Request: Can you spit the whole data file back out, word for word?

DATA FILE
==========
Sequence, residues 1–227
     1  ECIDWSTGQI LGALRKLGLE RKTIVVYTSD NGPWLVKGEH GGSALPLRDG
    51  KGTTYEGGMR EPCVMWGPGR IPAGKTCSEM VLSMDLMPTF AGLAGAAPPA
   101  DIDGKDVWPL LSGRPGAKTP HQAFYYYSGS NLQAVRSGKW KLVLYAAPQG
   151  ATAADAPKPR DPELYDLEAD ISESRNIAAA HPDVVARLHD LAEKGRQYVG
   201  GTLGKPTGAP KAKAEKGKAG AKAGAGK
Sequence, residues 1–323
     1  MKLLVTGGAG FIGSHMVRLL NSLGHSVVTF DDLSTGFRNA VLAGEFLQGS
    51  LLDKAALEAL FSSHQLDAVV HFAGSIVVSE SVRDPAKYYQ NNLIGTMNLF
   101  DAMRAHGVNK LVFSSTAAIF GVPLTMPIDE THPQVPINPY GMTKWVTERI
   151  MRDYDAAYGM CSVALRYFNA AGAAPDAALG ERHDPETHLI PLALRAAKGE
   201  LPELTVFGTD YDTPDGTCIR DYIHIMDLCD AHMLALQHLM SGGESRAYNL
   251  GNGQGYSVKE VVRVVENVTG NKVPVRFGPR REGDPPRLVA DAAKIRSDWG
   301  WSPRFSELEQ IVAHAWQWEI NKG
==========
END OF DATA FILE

Sequence, residues 1–227
     1  ECIDWSTGQI LGALRKLGLE RKTIVVYTSD NGPWLVKGEH GGSALPLRDG
    51  KGTTYEGGMR EPCVMWGPGR IPAGKTCSEM VLSMDLMPTF AGLAGAAPPA
   101  DIDGKDVWPL LSGRPGAKTP HQAFYYYSGS NLQAVRSGKW KLVLYAAPQG
   151  ATAADAPKPR DPELYDLEAD ISESRNIAAA HPDVVARLHD LAEKGRQYVG
   201  GTLGKPTGAP KAKAEKGKAG AKAGAGK
Sequence, residues 1–323
     1  MKLLVTGGAG FIGSHMVRLL NSLGHSVVTF DDLSTGFRNA VLAGEFLQGS
    51  LLDKAALEAL FSSHQLDAVV HFAGSIVVSE SVRDPAKYYQ NNLIGTMNLF
   101  DAMRAHGVNK LVFSSTAAIF GVPLTMPIDE THPQVPINPY GMTKWVTERI
   151  MRDYDAAYGM CSVALRYFNA AGAAPDAALG ERHDPETHLI PLALRAAKGE
   201  LPELTVFGTD YDTPDGTCIR DYIHIMDLCD AHMLALQHLM SGGESRAYNL
   251  GNGQGYSVKE VVRVVENVTG NKVPVRFGPR REGDPPRLVA DAAKIRSDWG
   301  WSPRFSELEQ IVAHAWQWEI NKG